Fabric supported by bamboo sticks in spiral structure gathers and directs water to a storage tank via hydrophobic, angled surface.

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Chaac-ha is a water collection system described by its designers, Team Panteras, as “a device that collects rainwater and dew, taking advantage of Yucatan’s wet weather. [It] is able to collect at least 2.5 liters of water per night.”  “The design is inspired by the form and function of bromeliads for the collector and spider webs for the structure,” explains the team. “In the case of bromeliad, we specifically emulated the structures called trichomes that are found in the epidermis of the plant. The form of the collector of Chaac-ha was designed based on the bromeliad’s foliage arrangement and its catchment area. It has the function of collecting and storing water.” The collector is made of a hydrophobic fabric that's also bacteria-resistant and flexible. The supporting structure for the collector “[emulates] the structural characteristics of the spider web.” Specifically, “it is based on the radial distribution system of forces of the spider web.” The spiral supporting structure is “made of bamboo sticks (reused from the fishing in the region),” surrounding a central water reservoir.  Team Panteras advises, “the Chaac-ha should be placed in a location with vegetation, preferably near trees. During the night, the dew forms on the fabric, and its inclination will head the water to the tank. This same applies in the case of rainwater.”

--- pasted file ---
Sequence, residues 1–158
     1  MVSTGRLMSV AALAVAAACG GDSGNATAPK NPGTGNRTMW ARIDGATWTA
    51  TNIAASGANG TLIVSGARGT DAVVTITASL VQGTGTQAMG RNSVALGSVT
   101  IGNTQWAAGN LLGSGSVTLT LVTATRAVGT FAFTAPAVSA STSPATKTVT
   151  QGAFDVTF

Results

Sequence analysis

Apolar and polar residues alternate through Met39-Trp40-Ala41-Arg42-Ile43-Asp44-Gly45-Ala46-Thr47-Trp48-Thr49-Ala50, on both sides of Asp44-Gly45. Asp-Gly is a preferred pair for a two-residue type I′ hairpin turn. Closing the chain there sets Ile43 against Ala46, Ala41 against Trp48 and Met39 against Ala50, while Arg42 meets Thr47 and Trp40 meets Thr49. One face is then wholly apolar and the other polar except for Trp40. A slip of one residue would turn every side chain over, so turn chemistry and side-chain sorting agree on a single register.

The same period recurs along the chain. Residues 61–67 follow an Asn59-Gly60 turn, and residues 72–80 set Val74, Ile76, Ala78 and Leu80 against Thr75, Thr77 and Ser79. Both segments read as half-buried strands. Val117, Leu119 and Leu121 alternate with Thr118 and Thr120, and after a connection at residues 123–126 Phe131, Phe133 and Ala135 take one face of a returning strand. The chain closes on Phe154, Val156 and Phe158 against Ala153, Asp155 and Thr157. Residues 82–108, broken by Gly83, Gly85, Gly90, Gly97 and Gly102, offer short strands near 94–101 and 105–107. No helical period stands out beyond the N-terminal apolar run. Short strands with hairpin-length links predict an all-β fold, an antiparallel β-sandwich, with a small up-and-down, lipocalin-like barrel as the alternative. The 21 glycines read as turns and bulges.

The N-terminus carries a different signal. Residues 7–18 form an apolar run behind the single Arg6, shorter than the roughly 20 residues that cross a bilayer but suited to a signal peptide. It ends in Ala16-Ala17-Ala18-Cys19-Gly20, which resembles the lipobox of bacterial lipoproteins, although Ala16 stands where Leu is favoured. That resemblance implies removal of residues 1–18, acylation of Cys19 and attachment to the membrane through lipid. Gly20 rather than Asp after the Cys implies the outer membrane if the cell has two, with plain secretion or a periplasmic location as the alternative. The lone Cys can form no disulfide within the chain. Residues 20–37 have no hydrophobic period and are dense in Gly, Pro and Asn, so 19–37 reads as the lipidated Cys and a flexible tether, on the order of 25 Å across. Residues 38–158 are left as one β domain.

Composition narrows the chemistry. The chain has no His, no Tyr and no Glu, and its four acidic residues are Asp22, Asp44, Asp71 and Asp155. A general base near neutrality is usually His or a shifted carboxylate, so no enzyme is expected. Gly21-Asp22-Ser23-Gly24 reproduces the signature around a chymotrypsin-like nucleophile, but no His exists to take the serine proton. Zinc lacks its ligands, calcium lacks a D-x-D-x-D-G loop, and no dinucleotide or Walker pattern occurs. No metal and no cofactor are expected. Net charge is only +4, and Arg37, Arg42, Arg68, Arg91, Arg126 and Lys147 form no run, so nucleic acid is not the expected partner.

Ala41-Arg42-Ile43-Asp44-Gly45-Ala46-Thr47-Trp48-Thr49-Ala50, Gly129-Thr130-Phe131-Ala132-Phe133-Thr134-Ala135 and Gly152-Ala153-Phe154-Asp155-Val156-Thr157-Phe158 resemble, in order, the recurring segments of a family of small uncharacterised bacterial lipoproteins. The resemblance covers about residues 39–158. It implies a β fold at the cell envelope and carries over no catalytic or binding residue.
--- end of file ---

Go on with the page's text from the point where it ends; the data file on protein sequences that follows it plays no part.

Biomimicry Story

For the Biomimicry Student Design Challenge focused on water access and management, Team Panteras looked to address the issue of water scarcity. The team explains that their particular focus was on “the problem of water access in rural communities which are the main ones lacking of this resource.” Their water collector system was designed for use by individual dwellings.  Harvesting rainwater and dew, Team Panteras’ design “makes evident and urgent a rational and responsible water use, which allows its supply in quantity and quality over time through a dynamic and ecological balance.” Team Panteras members include Diana Carolina Vega Basto, Luis Didier Cox Tamay, Andy Francisco Arjona Massa, Cindy Beatriz, Shirley Molina, and Álvaro Jesús Buenfil Ovando of Universidad Autónoma de Yucatán, Mérida, Yucatán, MX.   Check out this video to learn more about the Chaac-ha Water System Collector from Team Panteras. This page was contributed by Team Panteras of Universidad Autónoma de Yucatán.

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